Nightmare holiday: Dutch tourists robbed and terrorised

Tourism and crime: Dutch tourists held up at gunpoint, robbed and terrorised in bus from airport

27 September 2017 - 06:14 By Nico Gous
Police Minister Fikile Mbalula and the Dutch ambassador to South Africa, Marisa Gerards, were at a press briefing at a lodge in Fourways. Mbalula said the robbery of Dutch tourists was an attack on the tourism sector and the economy
Police Minister Fikile Mbalula and the Dutch ambassador to South Africa, Marisa Gerards, were at a press briefing at a lodge in Fourways. Mbalula said the robbery of Dutch tourists was an attack on the tourism sector and the economy
Image: Alon Skuy

Forty-nine hours after a group of Dutch tourists set foot in South Africa for a fun three-week holiday they returned battered and bruised to their home country after becoming the victims of yet another airport robbery.

"We are safe now but we are in shock and want to go back. We just landed for a 22-day trip but the fun has gone," one of the passengers, Peter Bakker, told the Dutch newspaper Telegraaf.

The group of 36 tourists, most of them over 60, were scheduled to leave South Africa on a flight on Tuesday night and arrive back in Amsterdam around 10.30am on Wednesday - spending not even 50 hours in this country.

The tourists, who arrived in South Africa on Sunday night, were robbed on their way from OR Tambo International Airport to their accommodation in Fourways.

Their bus, they said, was stopped by a vehicle with police markings. One man was dressed in a police uniform, the other five in civilian clothing.

Describing the experience as "hell", Bakker said the hands and feet of the bus driver and the tour leader were bound with cable ties. Five men boarded the bus and stole whatever they could.

"People panicked, and firearms were aimed at them. In two cases, the trigger was pulled but the gun didn't fire," said Bakker.

Several of the tourists were assaulted.

"The suitcases were taken out of the cargo area. They were busy for 20 minutes. People cried and are in shock. They took the keys from the bus and disappeared."

Spokesman for Dutch travel company ANWB, Ad Vonk, said the tourists lost their phones, bags and luggage.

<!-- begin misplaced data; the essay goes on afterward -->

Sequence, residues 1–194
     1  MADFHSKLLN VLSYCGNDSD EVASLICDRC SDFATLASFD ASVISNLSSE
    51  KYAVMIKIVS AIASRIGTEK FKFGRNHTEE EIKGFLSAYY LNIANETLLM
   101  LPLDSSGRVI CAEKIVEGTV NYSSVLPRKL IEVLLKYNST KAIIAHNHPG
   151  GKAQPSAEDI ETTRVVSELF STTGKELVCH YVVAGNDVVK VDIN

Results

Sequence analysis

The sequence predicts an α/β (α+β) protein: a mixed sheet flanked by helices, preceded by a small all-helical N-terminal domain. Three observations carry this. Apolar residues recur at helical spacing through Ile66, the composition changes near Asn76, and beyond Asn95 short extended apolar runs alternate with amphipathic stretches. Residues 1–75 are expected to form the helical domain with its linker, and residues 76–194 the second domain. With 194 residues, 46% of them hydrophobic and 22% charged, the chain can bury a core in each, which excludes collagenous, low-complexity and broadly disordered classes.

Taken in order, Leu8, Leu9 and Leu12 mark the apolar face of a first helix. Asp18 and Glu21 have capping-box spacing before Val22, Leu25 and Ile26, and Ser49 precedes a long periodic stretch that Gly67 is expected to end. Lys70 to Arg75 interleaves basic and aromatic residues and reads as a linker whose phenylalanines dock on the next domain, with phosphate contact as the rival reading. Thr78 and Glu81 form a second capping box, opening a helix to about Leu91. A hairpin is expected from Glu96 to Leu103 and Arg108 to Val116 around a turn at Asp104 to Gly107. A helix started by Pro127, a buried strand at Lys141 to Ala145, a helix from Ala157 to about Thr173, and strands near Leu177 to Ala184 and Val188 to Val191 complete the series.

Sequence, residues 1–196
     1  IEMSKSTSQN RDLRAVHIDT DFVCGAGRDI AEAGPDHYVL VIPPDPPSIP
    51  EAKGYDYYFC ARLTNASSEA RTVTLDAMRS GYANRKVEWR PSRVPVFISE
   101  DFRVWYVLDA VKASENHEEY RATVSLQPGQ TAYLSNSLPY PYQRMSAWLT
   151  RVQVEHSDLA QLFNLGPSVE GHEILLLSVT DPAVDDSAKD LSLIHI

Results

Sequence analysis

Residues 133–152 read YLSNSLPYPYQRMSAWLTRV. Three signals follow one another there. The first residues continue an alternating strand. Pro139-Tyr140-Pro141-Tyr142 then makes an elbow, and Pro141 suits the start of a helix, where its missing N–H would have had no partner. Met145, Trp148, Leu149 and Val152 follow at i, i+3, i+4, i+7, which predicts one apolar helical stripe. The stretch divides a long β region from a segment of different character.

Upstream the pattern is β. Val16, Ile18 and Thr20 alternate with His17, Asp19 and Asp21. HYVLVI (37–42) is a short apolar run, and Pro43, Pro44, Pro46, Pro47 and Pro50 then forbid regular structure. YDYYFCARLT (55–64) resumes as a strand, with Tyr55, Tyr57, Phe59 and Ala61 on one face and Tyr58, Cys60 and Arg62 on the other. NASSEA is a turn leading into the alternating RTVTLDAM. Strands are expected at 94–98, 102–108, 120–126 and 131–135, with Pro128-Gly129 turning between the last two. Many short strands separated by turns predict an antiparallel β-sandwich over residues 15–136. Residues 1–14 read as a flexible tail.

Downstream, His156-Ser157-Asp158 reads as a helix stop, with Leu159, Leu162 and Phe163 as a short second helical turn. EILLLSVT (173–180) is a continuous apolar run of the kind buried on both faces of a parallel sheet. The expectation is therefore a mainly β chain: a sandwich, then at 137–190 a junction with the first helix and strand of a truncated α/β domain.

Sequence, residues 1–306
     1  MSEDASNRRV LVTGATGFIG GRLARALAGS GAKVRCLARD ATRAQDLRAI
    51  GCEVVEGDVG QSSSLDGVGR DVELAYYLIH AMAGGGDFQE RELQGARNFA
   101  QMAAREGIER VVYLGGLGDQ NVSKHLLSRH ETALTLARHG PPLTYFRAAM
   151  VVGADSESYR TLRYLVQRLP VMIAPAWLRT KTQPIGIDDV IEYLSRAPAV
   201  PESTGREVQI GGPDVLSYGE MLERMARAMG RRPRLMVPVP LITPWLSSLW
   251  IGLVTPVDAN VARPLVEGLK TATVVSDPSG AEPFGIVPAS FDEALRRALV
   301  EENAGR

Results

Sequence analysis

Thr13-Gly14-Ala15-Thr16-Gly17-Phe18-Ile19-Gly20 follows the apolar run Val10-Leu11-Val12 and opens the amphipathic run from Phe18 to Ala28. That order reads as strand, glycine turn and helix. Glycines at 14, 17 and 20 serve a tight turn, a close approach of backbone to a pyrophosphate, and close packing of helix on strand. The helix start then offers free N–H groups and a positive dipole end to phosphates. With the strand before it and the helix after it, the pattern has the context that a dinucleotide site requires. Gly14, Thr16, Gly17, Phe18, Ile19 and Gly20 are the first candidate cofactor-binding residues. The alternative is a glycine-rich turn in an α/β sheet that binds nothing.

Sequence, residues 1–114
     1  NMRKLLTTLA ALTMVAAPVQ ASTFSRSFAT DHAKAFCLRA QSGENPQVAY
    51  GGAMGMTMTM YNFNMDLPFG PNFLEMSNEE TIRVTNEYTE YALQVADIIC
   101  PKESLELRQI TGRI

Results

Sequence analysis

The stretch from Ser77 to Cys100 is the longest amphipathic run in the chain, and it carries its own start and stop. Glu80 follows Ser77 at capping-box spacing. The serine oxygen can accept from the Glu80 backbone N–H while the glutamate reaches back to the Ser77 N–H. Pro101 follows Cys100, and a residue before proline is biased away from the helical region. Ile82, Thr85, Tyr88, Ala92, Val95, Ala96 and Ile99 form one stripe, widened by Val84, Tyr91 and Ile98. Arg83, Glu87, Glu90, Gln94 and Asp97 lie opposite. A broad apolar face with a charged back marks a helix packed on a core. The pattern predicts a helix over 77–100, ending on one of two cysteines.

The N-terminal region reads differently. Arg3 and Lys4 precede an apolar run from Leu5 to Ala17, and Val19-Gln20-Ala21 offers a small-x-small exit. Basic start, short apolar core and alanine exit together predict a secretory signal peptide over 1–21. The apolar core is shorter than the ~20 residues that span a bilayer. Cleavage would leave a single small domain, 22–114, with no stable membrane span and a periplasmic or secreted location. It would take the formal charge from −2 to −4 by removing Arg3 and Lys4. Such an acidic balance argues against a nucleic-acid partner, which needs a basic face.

"A lot of things are gone."

The Dutch ambassador to South Africa, Marisa Gerards, said the tourists had booked an organised trip instead of striking out on their own because they had safety worries.

"It was [ironic] that those who were so concerned about their safety were so brutally robbed."

After the robbers left, passengers freed themselves. The driver had a spare key in the cargo area and drove the tourists to their hotel.

Vonk said most of the tourists were 60 or older, but there were a few women in their late 20s and early 30s.

Some of the passengers were treated for light injuries.

The passports of three passengers were stolen. They were issued with new passports before flying back to the Netherlands.

Vonk said some Dutch tourists had been victims of crime in South Africa before but there had been "nothing on this scale".

He said his company was not reconsidering organising tours to South Africa "because it is a beautiful country" and is popular with Dutch tourists.

The tourists' 22-day travel programme cost them about R35,000 (€2200) each.

The tour programme included visiting Johannesburg, Pretoria, Cape Town, Swaziland, Lesotho, the Wild Coast, the Kruger National Park, the Drakensberg, Route 62 and the Garden Route.

Police Minister Fikile Mbalula said the robbery undermined South Africa as a tourism destination.

He told ambassador Gerards: "We don't have words to express our embarrassment and our regret for what happened to the people of the Netherlands."

Mbalula met the Dutch tourists on Tuesday afternoon.

Police spokesman Brigadier Vishnu Naidoo said no arrests had been made.

The Southern Africa Tourism Services Association expressed concern that the attack would harm the industry.

"It is not good for our image," Satsa's CEO David Frost said. "Exactly what impact it will have [on tourism] we don't know. It is clearly not going to have a positive impact.

"What was good is that there was a very co-ordinated response from South African Tourism, and many of Satsa members, to sort the issue out as quickly as we could.

"When an incident like this occurs we have to use it as a learning opportunity," said Frost. "The important thing is that we all need to sit down with the minister and his top team to sort out pre-emptive measures and operating procedures that will prevent these things from happening again."

According to Stats SA, the Netherlands ranked ninth on the list of countries of tourists visiting South Africa in mid-2017.

Stats SA will release its new figures on Thursday.

- Additional reporting by Penwell Dlamini


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